CLIMATE TARGETS: One of the few quantitative climate targets China set in the report is to reduce energy consumption per unit of GDP by 2.5% over the coming year, a goal that Bloomberg described as “modest”. The target was lower than analysts’ expectations of 4%, the outlet added.

FOSSIL FUELS REMAIN: The work report also restated a commitment to boosting fossil fuels in the name of “energy security”, Reuters reported. The newswire noted that China also aims to step up exploration of “strategic minerals”.  

  • SURPRISE SNOW: Pakistan experienced unusual snowfall and heavy rains, resulting in the death of at least 35 people, including 22 children, reported BBC News
  • CORAL BLEACH: The world is on the brink of a fourth global mass coral bleaching event, which could see many tropical reefs killed by extreme ocean temperatures, reported Reuters. The Guardian reported that Australia’s Great Barrier Reef is facing its fifth mass coral bleaching event in eight years.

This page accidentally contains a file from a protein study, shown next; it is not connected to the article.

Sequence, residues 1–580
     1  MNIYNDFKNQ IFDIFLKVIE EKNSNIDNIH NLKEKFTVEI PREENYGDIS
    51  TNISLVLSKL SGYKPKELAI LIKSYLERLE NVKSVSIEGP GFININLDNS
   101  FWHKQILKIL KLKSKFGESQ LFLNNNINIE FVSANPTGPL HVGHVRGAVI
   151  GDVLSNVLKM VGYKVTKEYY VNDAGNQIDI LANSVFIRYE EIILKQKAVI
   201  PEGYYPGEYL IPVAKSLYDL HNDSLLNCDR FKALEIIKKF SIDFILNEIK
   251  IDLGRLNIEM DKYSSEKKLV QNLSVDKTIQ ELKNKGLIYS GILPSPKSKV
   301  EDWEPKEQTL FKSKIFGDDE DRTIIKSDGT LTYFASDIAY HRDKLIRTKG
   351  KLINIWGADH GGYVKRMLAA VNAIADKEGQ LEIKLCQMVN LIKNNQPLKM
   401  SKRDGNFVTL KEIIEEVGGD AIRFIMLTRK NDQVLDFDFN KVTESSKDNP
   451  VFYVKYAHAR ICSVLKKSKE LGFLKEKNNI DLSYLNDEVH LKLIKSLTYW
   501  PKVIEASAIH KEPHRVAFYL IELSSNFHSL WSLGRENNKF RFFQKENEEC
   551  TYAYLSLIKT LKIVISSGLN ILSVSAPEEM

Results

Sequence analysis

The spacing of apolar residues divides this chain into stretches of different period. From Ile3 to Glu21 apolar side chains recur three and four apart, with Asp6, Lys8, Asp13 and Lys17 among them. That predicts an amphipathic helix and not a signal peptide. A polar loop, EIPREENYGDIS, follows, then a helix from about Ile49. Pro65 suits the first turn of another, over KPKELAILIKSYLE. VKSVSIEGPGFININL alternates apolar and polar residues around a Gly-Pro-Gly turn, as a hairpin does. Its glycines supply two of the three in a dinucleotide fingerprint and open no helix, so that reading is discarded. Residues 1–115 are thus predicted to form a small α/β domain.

• FUNDING THREAT: Individuals from global south climate groups that depend on finance from the German government “feel unable to criticise Israel’s military action in Gaza” due to pressure from their German-funded employers, Climate Home News reported.
  • MISSING MONEY: A UN official said that “Africa will be $2.5tn short of the finance it needs to cope with climate change by 2030”, noted Reuters, despite the continent producing the lowest emissions and experiencing the worst effects.
  • NEW ZEALAND LAWSUIT: An elder of the Ngāpuhi and Ngāti Kahu tribes “won the right to sue seven New Zealand-based corporate entities”, including fuel, coal and gas companies and dairy exporters, for their contribution to climate change, noted the Guardian.
  • NOTHING TO SEE HERE: The UK’s spring budget announcement was one of the “least green budgets in recent years” experts told the Guardian, with disappointment around electric vehicles and North Sea oil and gas. Carbon Brief had all the details.